By Matt Kouri and Tara Kirkland
Texas nonprofits employ more than 430,000 people and generate $83 billion in annual revenues. These organizations require a strong and stable workforce to run optimally, yet often can’t offer the salary and benefits package that companies and even government can provide.
Greenlights for Nonprofit Success (Greenlights) recently conducted new research in Central Texas and integrated it with national studies to identify five major career trends in the evolving nonprofit workplace. These factors will challenge the way nonprofits find, leverage, and retain talented staff, but also create new opportunities for the savvy leader. Successful CEOs must stay in front of these workplace trends to build the next generation of nonprofit leaders and meet their organizational missions.
Compensation Is More Important Than Ever
Any nonprofit that wants to attract and retain quality staff must prioritize compensation, particularly salary. A third of respondents were “unsatisfied” with their salary in the survey, and 77 percent indicated a higher salary would increase their likelihood to remain in the nonprofit sector. Nationally, 34 percent of organizations cited “inability to pay competitively” as the biggest challenge to staff retention.
One significant factor in compensation competitiveness is the increased professionalization of the sector. Many of today’s professionals view nonprofit work as a true career path, rather than a simple call to service common in earlier generations, and many have pursued advanced degrees to develop their skills and knowledge of the sector (including 50 percent of survey respondents).
Also driving the demand for compensation is the increasing amount of student loan debt making it difficult for young professionals to remain in low-paying jobs. Across the country, 65 percent of early-career nonprofit professionals have student loan debt. Thirty percent have more than $50,000 in college debt.
As the economy continues to rebound and the nonprofit sector continues to professionalize, there’s an increased need for high quality staff. In fact, 43 percent of nonprofit organizations nationally report they are looking to add additional staff within the next year.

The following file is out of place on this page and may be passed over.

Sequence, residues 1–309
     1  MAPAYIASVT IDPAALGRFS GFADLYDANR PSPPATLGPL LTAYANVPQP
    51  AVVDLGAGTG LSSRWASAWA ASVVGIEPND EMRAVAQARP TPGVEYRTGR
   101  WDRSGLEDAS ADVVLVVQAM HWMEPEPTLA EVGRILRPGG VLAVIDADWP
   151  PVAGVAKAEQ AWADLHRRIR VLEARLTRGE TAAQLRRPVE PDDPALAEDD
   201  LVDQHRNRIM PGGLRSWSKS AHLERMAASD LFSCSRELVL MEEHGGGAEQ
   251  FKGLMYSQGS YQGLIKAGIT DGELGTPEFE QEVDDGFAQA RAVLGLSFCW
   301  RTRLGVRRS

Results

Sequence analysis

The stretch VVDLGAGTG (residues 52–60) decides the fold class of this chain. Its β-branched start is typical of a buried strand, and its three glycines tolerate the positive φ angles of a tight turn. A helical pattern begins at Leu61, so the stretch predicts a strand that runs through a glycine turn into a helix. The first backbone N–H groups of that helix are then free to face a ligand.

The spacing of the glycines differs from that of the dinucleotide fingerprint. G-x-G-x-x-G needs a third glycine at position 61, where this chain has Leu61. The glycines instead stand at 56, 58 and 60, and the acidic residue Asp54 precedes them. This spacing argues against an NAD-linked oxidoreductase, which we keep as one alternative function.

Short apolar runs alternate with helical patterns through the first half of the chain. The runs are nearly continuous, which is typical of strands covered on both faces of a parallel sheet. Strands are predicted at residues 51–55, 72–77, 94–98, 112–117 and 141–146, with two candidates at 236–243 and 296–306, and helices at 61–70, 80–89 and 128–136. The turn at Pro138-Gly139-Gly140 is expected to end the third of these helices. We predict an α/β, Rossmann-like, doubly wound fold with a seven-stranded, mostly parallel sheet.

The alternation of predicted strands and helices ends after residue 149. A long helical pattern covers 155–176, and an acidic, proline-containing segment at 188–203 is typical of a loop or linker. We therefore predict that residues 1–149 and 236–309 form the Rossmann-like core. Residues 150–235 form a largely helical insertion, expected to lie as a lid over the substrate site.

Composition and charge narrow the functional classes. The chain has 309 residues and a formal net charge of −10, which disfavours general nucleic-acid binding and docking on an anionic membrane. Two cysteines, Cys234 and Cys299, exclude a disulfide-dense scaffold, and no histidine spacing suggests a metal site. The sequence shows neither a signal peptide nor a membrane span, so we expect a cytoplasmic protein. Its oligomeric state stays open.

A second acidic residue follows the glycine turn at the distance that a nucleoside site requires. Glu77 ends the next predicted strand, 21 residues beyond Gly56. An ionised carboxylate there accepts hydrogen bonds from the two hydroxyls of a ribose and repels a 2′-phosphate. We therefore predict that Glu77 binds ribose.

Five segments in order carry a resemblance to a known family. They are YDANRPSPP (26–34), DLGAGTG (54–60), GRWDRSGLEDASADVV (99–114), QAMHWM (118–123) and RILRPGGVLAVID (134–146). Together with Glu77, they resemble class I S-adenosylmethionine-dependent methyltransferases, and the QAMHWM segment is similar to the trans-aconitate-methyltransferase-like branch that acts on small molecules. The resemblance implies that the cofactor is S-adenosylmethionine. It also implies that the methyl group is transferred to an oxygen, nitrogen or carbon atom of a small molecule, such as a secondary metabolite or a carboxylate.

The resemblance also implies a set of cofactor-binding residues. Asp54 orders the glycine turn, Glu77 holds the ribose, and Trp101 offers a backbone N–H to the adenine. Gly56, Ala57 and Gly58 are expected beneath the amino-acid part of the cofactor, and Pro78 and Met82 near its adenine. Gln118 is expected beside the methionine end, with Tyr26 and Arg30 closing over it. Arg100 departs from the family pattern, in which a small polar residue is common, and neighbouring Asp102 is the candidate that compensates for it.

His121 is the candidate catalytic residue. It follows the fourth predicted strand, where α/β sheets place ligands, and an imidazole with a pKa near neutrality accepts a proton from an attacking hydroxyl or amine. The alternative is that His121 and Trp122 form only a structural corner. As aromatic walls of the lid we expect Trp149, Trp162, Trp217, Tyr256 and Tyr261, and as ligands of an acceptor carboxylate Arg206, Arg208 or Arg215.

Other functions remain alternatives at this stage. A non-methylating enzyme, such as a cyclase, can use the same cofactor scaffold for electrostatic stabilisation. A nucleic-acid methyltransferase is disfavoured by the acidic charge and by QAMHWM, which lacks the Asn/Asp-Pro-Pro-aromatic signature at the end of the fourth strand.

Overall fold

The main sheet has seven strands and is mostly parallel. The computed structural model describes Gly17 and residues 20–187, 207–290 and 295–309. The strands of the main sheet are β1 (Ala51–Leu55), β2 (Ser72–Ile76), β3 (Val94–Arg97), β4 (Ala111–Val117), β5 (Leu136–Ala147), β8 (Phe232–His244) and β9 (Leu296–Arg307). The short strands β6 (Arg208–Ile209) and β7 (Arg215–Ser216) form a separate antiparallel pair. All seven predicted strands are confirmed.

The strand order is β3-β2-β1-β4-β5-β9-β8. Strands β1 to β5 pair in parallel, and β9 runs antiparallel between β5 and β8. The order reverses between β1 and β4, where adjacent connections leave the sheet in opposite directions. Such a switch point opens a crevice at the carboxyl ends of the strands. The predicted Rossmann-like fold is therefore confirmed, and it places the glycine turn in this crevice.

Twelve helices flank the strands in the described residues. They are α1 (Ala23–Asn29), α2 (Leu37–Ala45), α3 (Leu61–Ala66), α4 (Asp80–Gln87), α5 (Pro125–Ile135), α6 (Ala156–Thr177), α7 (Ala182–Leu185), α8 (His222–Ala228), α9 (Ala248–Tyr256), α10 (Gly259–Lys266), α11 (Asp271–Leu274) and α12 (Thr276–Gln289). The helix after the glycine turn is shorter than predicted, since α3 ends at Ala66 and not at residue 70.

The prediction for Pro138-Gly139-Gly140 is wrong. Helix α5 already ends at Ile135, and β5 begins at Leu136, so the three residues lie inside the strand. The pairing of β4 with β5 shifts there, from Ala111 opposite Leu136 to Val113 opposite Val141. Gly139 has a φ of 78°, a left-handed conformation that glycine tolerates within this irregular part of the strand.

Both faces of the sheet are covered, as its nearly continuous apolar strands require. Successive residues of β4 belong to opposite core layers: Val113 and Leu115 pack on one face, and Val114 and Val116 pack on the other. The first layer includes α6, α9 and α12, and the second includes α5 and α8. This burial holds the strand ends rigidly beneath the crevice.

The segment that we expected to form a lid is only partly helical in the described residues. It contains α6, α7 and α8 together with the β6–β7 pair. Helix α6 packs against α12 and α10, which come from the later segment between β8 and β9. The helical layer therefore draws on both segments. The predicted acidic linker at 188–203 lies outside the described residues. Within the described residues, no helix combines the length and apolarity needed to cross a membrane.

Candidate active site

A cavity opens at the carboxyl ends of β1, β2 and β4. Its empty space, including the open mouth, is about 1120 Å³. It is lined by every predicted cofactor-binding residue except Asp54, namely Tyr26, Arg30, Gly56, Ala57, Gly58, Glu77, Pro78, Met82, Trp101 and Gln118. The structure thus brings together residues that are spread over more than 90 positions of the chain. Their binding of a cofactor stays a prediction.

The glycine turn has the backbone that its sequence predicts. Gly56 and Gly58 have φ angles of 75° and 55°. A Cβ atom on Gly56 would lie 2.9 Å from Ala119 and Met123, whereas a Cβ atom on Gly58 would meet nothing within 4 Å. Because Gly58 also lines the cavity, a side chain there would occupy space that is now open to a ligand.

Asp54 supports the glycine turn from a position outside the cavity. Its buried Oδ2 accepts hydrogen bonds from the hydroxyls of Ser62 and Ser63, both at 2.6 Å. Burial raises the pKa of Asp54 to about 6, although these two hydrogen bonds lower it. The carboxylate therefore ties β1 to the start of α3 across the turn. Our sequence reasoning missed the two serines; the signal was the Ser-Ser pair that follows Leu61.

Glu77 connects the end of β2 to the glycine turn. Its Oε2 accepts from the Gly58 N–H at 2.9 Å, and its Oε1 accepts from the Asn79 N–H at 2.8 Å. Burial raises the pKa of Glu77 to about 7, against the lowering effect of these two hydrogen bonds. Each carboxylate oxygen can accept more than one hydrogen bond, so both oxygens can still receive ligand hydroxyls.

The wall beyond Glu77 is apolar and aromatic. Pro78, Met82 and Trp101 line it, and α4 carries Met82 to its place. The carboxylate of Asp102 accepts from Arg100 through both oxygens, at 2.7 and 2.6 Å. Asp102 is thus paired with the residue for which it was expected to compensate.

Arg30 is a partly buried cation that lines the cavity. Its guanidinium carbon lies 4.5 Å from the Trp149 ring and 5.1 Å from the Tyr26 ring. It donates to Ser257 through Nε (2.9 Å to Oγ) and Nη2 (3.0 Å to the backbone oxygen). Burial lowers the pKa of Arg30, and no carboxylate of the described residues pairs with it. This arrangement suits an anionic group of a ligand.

At the same time the sector is growing, the number of retirements and resignations is also increasing. In Central Texas, the survey revealed almost 50 percent of CEOs plan on leaving their current posts in four years or less, and 80 percent of Central Texas nonprofit professionals age 35 and under plan to leave within four years. National data supports these local findings, with the Bureau of Labor Statistics reporting the average worker today stays at a job for only 4.4 years. Based on this data, nonprofit CEOs must think creatively about retaining an increasingly mobile talent pool. Salary is a major factor, but there are other ways nonprofits can lower employee attrition. National research found that a strong manager can ease salary dissatisfaction, for instance. Professional development opportunities, manageable workloads, and schedule flexibility can also contribute to nonprofit career longevity.
Desire for Shared Leadership Is on the Rise
For many in the nonprofit sector today, traditional hierarchical leadership is being replaced by a focus on shared leadership and decision-making. Few nonprofit professionals – only 24 percent of survey respondents – are interested in ever assuming the CEO position, but they are committed to making an impact and aim to advance professionally in their careers.